Retired Yankton High School teacher and debate coach Paul Harens got more than he bargained for when he signed up to participate in the latest South Dakota Social Studies Standards revision.
The workgroup’s document written in accordance with South Dakota Department of Education (DOE) staff instructions, received substantial changes that reversed much of the DOE guidance the group had received.
Harens told the Press & Dakotan that the idea to participate in the Social Studies Standards revision came from his wife, while he was recovering from COVID-19.
“She said, ‘The way you’ve been, you need something to stimulate your mind.’ She was right,” he said. “So I filled out the application, sent it in and at the end of April, I got an email saying, ‘You have been accepted. In fact, you will be the table leader for the world history table.’”
The larger group would develop the social studies “anchor standards” that all students should know by the time they finish high school. The group would also break down into smaller “tables” to write specific standards for their given topic, Harens said.
There were about six preparatory meetings before table leaders went to Pierre for DOE training. Actual work on the social studies standards took place over eight days in June in Ft. Pierre, he said.
“They gave us the current standards from 2016,” Harens said. “Then, the Secretary of Education, Tiffany Sanderson, came in and talked to us and flat out said, ”We (the DOE) were condemned for not being inclusive last time. I would like you to be more inclusive with the Native Americans. I would like to see every group have at least one standard for the Native Americans.’ And we all did it.”
In May, Gov. Kristi Noem signed the “1776 Pledge to Save Our Schools,” which is based on recommendations from former president Donald Trump’s 1776 Commission report, which has been criticized by the American Historical Association as hasty, simplistic and reliant at times on “falsehoods, inaccuracies, omissions, and misleading statements.” President Joe Biden had revoked the report on his first day in office in January.
Noem reportedly said it offered “real promise.”
Harens’ group met and determined, incorrectly, that this did not affect their task.
When the completed document was turned in on June 23, the groups were told by their DOE contacts there might be slight changes, Harens said. But on June 25, he received an email requesting all the sources used to develop the document.
“The indication was that Noem wanted the DOE to make sure they were South Dakota standards and not from some other place,” he said.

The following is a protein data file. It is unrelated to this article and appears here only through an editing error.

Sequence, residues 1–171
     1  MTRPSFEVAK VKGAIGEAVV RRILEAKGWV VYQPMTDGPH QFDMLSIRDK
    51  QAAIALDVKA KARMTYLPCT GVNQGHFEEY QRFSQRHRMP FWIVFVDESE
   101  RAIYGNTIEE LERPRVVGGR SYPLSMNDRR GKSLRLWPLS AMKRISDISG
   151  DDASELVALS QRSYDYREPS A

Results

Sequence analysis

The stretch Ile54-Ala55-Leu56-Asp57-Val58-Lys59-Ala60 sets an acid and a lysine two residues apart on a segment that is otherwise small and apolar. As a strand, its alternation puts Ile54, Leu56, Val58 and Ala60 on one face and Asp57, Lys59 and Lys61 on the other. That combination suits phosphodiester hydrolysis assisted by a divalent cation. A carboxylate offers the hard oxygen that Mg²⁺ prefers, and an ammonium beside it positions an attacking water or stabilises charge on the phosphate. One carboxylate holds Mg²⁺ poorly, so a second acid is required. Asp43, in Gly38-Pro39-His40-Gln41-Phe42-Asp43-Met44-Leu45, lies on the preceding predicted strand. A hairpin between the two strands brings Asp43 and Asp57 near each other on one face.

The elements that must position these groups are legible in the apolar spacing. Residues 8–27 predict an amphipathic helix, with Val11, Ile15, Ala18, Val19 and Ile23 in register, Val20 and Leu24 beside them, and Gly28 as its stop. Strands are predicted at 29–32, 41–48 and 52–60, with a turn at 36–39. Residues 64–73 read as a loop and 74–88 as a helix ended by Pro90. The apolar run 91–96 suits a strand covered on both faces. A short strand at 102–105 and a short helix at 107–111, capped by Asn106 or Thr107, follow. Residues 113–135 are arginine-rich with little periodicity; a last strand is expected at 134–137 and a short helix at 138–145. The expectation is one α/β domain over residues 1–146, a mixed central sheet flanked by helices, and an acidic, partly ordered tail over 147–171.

South Dakota statue 13-3-48.1 does restrict the DOE’s ability to adopt standards drafted by a multistate consortium intended for adoption in two or more states. However it allows the DOE to adopt standards drafted by South Dakota educators and professionals which reference uniform content standards, as long as prescribed public input is obtained.
A week before the document was set to be released for public review, the workgroup was called to a meeting by the DOE due to there having been “some changes” made to the document, Harens said.
“What came on was a woman from the Department of Ed; and she read a statement from the DOE that basically said, ‘Thank you for your service. We’re done. Goodbye.’ Our person from DOE just sat there and never said a word.”
The document presented to the public after that meeting by the DOE has been reportedly widely criticized as non-inclusive and watered down by students, teachers and workgroup members among the more than 600 comments received so far.
Last week, Noem decided to delay the Social Studies Standards process pending “more public input to bring greater balance and emphasis on our nation’s true and honest history.”
The Press & Dakotan has obtained a redacted copy of the changes made to the standards document handed in to the DOE with changes marked in red.
The entire preface was struck and rewritten with the exception of two sentences.
“They eliminate, I think it was, three-fourths of the Native American standards,” said Harens. “We were told to do one thing. We did it and they took it away. That’s why we were so shocked.”
The changes are consistent with the 1776 project, which, when she made the proclamation, Noem said would be optional, he said.
“It’s basically the 1776 project or comments that (Noem) has made,” Harens said. “Somebody had to tell the Department of Education to make those changes and it wasn’t somebody in the Department of Education. I don’t know who it was, but I can make a guess.”
His efforts to find out who wrote the changes have led nowhere, Harens said.
“If you read through the 1776 project, it basically whitewashes history — and I do mean white,” he said. “The 1776 project doesn’t want to talk about anything bad that’s happening — just the positives of history and the people involved. They kind of skip over slavery. They massively skip over the indigenous population in the United States.”
Especially now that more students are minorities, teachers can’t skip over things like that and maintain credibility, Harens said.
“This is going to hurt education,” he said. “We’ve made enough mistakes in education. Let’s not make another one.”